To-day, I thought of you. Who I’m kidding? Not a day that memories of you, of us—how we were together, slips past. How long it’s been now: a year, many years or was it in another time and place, an entirely different lifetime? I try some times purposely, pretending not to remember those times or you. But it only serves to row the senses, and brings the visions more clearly, more painfully. What was I thinking? That’s it, I remember—I wasn’t thinking at all. I was such a fool! And then you left, and the place—ah the place: our place, never felt so barren, and I was alone: then I began to think. Ha…that’s funny now. Some good it was then. . . thinking. It was too late. And now, well. . . it seems but a dream. Well, at least that’s what’ll tell myself. I was dreaming.
My intention was only to stop in the card-shop to say hello. But then Gia started. She inquired of things that weren’t her affairs, and being a past lover didn’t grant her an automatic reprieve into the subjects personal. As it were, I had only known her briefly one spring, and that’d been two years ago now, and it was only to take revenge at another. In the midst of her impertinent, adversarial inquiries, wherein, underneath, and perhaps understandable, lay a skosh of scorn—she made the mistake of introducing me to Helena, whose person seemed understanding and gentle; and I heard in her greeting: English spoken with the subtlety of German, and that was it. Helena’s blue eyes commanded the rest. The shop was soon to close, and Helena was the one leaving early that evening, and was all ready to go. And we left together: Helena and I.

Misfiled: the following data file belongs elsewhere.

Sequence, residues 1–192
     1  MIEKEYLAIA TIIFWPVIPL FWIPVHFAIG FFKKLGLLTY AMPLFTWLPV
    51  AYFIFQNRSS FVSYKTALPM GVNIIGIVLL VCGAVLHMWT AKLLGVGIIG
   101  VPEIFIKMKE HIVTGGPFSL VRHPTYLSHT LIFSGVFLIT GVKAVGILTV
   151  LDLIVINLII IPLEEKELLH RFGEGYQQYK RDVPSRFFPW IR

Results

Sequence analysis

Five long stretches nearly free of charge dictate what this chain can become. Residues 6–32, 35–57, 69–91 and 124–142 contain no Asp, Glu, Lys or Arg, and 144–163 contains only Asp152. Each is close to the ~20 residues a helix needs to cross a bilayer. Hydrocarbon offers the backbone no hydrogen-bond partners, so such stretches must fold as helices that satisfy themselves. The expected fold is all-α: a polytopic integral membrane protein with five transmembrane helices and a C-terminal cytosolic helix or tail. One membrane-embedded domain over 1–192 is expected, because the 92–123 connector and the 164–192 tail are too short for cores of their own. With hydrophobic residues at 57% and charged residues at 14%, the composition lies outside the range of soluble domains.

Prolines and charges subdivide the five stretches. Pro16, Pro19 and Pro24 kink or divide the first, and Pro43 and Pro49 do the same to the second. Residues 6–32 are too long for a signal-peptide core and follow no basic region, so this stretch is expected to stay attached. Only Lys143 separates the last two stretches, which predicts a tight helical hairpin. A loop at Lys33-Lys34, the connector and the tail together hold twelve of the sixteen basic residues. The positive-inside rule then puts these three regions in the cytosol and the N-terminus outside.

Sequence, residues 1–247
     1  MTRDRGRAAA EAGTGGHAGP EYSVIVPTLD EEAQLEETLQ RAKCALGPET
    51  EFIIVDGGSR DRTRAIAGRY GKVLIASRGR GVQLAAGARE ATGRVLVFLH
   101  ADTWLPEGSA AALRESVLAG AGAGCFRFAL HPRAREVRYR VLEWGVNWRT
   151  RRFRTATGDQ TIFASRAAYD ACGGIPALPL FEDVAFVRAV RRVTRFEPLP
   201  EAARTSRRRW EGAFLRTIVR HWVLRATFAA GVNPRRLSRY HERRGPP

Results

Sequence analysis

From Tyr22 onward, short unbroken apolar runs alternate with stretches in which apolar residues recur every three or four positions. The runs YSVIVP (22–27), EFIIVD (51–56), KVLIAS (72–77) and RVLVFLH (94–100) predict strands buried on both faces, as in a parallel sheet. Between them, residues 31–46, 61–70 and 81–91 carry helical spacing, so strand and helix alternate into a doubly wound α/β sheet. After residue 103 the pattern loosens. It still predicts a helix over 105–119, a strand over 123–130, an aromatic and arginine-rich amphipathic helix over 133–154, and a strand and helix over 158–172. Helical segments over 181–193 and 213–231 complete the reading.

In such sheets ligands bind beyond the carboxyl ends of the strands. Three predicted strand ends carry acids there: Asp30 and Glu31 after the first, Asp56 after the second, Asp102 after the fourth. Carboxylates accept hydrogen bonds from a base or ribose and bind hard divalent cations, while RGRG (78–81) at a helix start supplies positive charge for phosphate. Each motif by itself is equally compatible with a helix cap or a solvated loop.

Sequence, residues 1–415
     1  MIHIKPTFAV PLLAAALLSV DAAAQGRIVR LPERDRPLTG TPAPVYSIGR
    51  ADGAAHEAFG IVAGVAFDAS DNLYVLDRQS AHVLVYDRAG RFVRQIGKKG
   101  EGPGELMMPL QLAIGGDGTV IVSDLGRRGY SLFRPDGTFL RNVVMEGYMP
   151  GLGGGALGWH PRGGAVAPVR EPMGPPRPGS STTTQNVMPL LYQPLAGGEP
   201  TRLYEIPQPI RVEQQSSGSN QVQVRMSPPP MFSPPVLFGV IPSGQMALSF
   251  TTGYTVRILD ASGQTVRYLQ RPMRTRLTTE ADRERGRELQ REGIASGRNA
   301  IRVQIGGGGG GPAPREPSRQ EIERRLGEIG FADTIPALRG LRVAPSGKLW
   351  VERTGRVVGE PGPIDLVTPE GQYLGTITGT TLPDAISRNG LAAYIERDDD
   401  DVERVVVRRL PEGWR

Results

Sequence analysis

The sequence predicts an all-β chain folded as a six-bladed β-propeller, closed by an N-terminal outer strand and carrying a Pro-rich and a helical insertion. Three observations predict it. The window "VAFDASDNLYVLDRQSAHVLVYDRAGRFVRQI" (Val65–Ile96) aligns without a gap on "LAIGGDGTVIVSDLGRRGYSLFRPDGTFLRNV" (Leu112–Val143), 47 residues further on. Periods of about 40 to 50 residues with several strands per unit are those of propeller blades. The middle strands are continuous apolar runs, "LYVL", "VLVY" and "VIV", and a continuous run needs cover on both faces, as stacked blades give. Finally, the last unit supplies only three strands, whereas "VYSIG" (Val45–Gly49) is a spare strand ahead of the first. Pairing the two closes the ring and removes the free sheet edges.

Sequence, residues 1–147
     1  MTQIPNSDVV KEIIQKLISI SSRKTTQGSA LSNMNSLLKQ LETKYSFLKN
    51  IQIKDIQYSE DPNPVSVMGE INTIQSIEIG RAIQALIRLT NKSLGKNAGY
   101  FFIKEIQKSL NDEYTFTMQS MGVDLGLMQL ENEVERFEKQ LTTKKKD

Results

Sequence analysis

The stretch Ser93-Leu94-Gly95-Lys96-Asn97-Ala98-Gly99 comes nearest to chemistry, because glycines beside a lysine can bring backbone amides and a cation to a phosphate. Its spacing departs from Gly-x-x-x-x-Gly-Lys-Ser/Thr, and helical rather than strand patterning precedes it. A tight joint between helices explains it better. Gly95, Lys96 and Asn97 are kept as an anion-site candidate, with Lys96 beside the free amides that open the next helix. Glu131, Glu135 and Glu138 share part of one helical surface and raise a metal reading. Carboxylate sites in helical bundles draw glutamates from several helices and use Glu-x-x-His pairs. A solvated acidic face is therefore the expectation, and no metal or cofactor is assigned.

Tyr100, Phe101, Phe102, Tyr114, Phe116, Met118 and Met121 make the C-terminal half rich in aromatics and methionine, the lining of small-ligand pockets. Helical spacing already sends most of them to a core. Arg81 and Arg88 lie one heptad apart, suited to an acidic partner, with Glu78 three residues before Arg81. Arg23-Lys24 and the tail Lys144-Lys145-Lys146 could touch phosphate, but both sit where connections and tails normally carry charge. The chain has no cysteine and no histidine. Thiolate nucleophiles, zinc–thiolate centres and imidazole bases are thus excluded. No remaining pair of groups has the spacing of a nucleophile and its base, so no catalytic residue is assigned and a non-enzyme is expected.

Taylor Boughnou was drawn to the writers and thinkers of the ninetieth and early twentieth centuries. After years of a dedicated reading and writing regimen and journal-keeping of his thoughts and observations of his daily routines and personal travels, he began to write. He lives in the greater Boston, Massachusetts area, where he works as a wellness specialist.